Saturday, October 16, 2010

I Wear My Sunglasses At Night

The engine room drone of the US Air Force C17 all but seized the conversation amongst us 65 passengers on the flight from Christchurch, NZ to the McMurdo Station on the coast of Antarctica. We’re shared the hull of the plane with several “small” shipping containers, a forklift and a large sno-cat. The passengers are a mix of scientists (geologists, meteorologists and biologists), Air Force flight crew and a small portion of the staff that makes up the majority of Antarctica’s summer population. This staff includes shuttle drivers, cooks, radio communication specialists, janitors, US post office employees (subcontracted out to Raytheon who has the contract from the National Science Foundation to run the South Pole Station, McMurdo Station, Palmer Station and several small camps across the continent), logistics coordinators, doctors, gift shop attendants… the list goes on.
A curiosity for this continent germinated inside my bean several years ago and became an obsession only in the past couple years when it occurred to me that getting a job here isn’t impossible. “I’ll wash dishes if I have to,” is what I was telling people over a year ago, and that’s exactly what I’ll be doing for the next four months.

The C17 flight was preceded by a couple days in Christchurch where the weather was lapsing back into a cold and dreary winter… not what we were hoping for before being deprived of warmth, trees, smells that we normally take for granted, night!, for god’s sake! STARS! We flew to Christchurch from Aukland, LA, Denver… wishing I had frequent flyer miles.

We got our first glimpse of the continent (regulars just call it The Ice) four hours into the 5.5 hour flight. The first thought that crossed my mind looking out the tiny bay window of the airplane was of Superman’s little home from the first Superman. Sterile, serene, quiet, perfect. Though Antarctica is all of these things, it is also hostile and unforgiving which I’ve learned in a very short period of time.
Following two very cloudy passes over the station we were able to land on the Ice Runway which is the landing strip used from WinFly (Since airplanes are unable to land in –50f and below no planes fly in or out of McMurdo from about June-September. The first flight in is called the Winter Flight, or simply WinFly) until early December. This runway is constructed annually on the eight-foot-thick Ross Ice Shelf just off shore of McMurdo. A Swedish icebreaker comes in to clear a path through the Ross Sea whence the airfield is moved inland.

We were ushered from the plane to “Ivan” the Terra Bus entirely too quickly to take it all in and driven the mile into McMurdo for a late meal in the one and only cafeteria. After dinner I stole off for a run to Robert F. Scott’s 1904 hut from his Discovery expedition (the one that didn’t end up with his death). Where I encountered a dead seal that I later learned has been there for several years – the conditions have essentially mummified it. I continued my run out to Cape Evans and up the Ridge Trail. It was warm enough (-10f) for an easy run but cold enough that I wasn’t able to stop (not wearing enough clothes) or run fast (wind chill made it drop to –20/-25f). From the high point on the ridge I was able to look out across the Ross Ice Shelf at the mountains on the opposite side of the sea. At 10:30pm the sun was just beginning to go behind the horizon at a low, sweeping angle. At this time of year the sun never dips more than a few degrees below the horizon and even the middle of the night is bright enough that wooden blinds are used in the rooms in order to be able to sleep.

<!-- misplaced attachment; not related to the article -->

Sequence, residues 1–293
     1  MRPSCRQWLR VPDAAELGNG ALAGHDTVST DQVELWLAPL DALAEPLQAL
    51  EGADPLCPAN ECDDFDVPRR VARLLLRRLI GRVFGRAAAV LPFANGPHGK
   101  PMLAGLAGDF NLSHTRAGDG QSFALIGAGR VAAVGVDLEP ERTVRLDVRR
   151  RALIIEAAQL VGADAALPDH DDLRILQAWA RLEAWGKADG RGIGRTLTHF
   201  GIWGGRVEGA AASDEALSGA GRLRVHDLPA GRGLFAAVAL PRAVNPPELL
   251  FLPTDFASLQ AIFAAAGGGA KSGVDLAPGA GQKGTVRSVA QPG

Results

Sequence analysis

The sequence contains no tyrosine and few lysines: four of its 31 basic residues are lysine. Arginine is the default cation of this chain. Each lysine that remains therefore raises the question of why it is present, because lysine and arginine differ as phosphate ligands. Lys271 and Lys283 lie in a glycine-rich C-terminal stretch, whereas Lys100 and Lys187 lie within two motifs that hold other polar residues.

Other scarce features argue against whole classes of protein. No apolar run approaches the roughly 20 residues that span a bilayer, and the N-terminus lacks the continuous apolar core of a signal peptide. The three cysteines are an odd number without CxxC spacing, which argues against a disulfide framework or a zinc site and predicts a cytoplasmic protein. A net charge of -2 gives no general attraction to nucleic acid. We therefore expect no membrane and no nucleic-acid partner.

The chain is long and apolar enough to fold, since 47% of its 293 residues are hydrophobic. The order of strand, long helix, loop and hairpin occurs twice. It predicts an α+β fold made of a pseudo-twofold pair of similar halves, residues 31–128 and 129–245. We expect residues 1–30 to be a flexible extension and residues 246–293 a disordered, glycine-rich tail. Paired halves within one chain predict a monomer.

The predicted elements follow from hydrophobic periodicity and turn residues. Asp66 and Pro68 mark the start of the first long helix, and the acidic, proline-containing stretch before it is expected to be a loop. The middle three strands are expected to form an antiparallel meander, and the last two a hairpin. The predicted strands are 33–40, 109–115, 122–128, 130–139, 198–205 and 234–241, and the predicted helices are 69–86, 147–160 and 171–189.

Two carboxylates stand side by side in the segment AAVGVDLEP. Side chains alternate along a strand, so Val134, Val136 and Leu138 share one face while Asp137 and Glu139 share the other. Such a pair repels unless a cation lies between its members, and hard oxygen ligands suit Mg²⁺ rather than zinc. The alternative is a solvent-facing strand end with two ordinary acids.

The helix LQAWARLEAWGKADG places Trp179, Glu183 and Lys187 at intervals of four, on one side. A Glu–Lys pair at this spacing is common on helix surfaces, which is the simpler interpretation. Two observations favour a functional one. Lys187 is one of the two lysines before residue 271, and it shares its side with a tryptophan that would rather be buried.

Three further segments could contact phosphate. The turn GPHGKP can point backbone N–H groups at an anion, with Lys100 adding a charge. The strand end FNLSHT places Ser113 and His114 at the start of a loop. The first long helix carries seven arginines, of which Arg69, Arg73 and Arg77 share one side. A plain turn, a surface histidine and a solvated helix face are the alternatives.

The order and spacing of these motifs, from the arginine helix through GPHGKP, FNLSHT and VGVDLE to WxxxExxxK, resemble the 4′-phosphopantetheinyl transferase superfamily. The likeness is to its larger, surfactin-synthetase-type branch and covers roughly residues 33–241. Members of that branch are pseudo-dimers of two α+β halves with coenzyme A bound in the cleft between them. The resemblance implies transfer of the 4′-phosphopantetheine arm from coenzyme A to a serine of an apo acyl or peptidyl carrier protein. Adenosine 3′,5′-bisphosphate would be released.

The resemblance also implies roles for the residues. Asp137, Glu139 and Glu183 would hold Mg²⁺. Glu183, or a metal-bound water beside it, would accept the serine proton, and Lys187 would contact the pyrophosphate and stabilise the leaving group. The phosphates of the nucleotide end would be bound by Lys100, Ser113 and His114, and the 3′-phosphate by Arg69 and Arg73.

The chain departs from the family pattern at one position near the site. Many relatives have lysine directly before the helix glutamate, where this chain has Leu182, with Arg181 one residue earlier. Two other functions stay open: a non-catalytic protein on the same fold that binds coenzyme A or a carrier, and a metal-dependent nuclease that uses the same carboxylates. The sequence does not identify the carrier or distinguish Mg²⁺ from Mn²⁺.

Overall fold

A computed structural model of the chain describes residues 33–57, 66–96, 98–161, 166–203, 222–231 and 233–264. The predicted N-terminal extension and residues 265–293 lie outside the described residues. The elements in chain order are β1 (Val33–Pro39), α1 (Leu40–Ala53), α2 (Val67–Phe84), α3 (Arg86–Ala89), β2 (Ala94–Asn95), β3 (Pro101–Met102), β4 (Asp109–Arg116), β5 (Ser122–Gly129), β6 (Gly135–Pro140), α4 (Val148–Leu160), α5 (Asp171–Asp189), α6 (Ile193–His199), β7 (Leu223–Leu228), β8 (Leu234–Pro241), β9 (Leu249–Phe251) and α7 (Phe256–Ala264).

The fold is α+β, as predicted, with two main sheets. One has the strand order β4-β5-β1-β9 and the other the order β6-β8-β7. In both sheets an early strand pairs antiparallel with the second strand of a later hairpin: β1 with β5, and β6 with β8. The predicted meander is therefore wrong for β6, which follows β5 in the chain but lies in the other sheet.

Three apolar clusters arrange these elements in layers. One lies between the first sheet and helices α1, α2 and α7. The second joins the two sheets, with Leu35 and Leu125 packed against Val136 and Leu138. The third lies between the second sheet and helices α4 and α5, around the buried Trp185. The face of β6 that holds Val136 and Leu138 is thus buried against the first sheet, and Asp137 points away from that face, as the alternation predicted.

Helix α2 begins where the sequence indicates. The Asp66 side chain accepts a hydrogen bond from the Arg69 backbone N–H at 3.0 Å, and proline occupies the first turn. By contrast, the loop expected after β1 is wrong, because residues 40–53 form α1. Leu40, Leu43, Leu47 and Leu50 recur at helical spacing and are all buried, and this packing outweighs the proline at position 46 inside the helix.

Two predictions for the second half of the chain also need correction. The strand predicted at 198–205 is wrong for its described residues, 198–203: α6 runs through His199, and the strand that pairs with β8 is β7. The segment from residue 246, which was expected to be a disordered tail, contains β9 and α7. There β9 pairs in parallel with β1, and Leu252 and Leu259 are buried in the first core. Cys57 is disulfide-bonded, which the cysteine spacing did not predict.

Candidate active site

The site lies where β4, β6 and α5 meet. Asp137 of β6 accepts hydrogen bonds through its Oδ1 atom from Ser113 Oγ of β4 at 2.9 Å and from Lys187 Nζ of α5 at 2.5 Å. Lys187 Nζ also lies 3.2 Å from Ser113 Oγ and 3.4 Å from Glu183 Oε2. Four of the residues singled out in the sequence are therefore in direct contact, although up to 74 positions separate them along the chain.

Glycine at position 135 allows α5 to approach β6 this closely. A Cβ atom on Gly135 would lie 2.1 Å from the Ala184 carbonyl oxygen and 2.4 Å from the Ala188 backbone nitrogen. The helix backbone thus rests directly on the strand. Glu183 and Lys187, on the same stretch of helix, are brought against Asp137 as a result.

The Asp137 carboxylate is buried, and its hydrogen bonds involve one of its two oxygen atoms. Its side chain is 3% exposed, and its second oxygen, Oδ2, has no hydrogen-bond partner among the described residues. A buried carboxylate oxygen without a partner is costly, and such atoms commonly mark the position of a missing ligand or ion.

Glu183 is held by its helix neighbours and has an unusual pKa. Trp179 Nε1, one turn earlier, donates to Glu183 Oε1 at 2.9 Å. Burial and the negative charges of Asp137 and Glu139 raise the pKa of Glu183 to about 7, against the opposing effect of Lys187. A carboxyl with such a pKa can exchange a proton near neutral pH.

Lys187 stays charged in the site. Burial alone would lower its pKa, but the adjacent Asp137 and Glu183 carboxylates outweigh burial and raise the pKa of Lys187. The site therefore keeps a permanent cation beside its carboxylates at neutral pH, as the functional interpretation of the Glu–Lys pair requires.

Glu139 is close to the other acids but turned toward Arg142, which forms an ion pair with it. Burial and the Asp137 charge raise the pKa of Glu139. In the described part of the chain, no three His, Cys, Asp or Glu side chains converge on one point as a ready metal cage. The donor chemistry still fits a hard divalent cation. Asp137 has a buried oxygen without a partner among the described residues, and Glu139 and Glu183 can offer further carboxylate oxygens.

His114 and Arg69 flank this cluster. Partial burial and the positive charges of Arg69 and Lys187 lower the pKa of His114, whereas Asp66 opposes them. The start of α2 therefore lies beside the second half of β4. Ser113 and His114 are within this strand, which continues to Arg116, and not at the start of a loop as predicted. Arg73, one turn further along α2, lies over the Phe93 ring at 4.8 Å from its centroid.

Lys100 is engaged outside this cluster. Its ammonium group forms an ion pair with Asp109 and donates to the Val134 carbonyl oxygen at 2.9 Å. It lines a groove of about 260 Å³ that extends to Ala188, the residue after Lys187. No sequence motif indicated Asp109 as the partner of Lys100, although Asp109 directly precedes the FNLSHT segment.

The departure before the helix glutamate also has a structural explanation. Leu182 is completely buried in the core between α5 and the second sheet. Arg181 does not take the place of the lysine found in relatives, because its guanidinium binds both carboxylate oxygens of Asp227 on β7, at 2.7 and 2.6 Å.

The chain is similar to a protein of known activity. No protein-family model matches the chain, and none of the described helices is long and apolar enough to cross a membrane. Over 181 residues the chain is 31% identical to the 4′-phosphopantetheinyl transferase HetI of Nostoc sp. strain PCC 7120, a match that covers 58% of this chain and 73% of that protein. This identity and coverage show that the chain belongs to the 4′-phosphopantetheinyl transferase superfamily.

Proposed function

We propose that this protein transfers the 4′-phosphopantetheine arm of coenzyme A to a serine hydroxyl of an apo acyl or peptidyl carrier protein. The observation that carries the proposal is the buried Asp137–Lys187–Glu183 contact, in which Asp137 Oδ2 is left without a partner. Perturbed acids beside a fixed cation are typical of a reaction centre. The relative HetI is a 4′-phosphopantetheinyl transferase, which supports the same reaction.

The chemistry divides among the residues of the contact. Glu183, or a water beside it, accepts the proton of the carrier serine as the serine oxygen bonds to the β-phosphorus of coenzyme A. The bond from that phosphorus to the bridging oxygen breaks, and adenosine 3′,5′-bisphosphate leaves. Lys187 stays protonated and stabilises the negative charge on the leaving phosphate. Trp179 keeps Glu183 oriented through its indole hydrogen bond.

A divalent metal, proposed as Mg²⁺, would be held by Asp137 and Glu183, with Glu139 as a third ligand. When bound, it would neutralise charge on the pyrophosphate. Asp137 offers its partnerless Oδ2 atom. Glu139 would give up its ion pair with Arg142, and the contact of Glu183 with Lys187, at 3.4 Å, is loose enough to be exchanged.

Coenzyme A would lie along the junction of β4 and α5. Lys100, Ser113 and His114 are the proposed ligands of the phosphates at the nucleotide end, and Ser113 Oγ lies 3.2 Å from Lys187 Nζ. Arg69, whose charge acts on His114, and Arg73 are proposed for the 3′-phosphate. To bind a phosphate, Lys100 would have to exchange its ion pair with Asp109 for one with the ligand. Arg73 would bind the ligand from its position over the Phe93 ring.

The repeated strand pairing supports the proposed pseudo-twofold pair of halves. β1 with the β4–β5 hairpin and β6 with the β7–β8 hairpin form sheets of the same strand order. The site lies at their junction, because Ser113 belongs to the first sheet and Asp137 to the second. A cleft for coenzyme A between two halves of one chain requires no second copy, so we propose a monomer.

(photo - Haile Buffman)

Nearly a week has passed since my arrival. The next and final flight of my agenda for the next several months was scheduled for yesterday but the airplane that I’ll be flying in (Basler) from here to the South Pole was stuck at an American base in Punta Arenas, Chile for longer than expected, postponing the flight until Monday – two days from now. I was told to have patience waiting for this next leg of the trip – it is sometimes postponed for weeks. The flight into the Pole will be the first flight going there for the year. We’ve been instructed by the chef not to eat any of the “freshies” (fresh fruit) brought in with us on the Basler as the 50-or-so “Polies” that have wintered-over have been without fresh fruit for seven months.

My time here in McMurdo has been spent working in the laundry room where I sorted through a mound of bedding the size of a dump truck. I’ve spent the past four days working in the galley (the cafeteria) – washing dishes for the 900 people here, scrubbing pots and taking advantage of the few things that I’ll be without once I reach the Pole in a few days time – that is dirt, hills and bars. Yes, there are two bars here in McMurdo. Gallagers and The Southern. Last night a live bluegrass band (Phatass Bluegrass) played until midnight at Gallagers.
I have so much to tell about the past week, but I think that this will have to do for now.


bryanspalette said...

Sounds like an awesome adventure thus far. Have you gone to Happy Camper class yet (I think thats the nickname for survival school anyways). Good luck on your travels further south.

Dave Mackey said...

How cool is that? Rickey, I ran into someone the other day who said of you. "he will never die wondering.." Enjoy the ice.. Dave

tisanjosh said...
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Jim Philips said...

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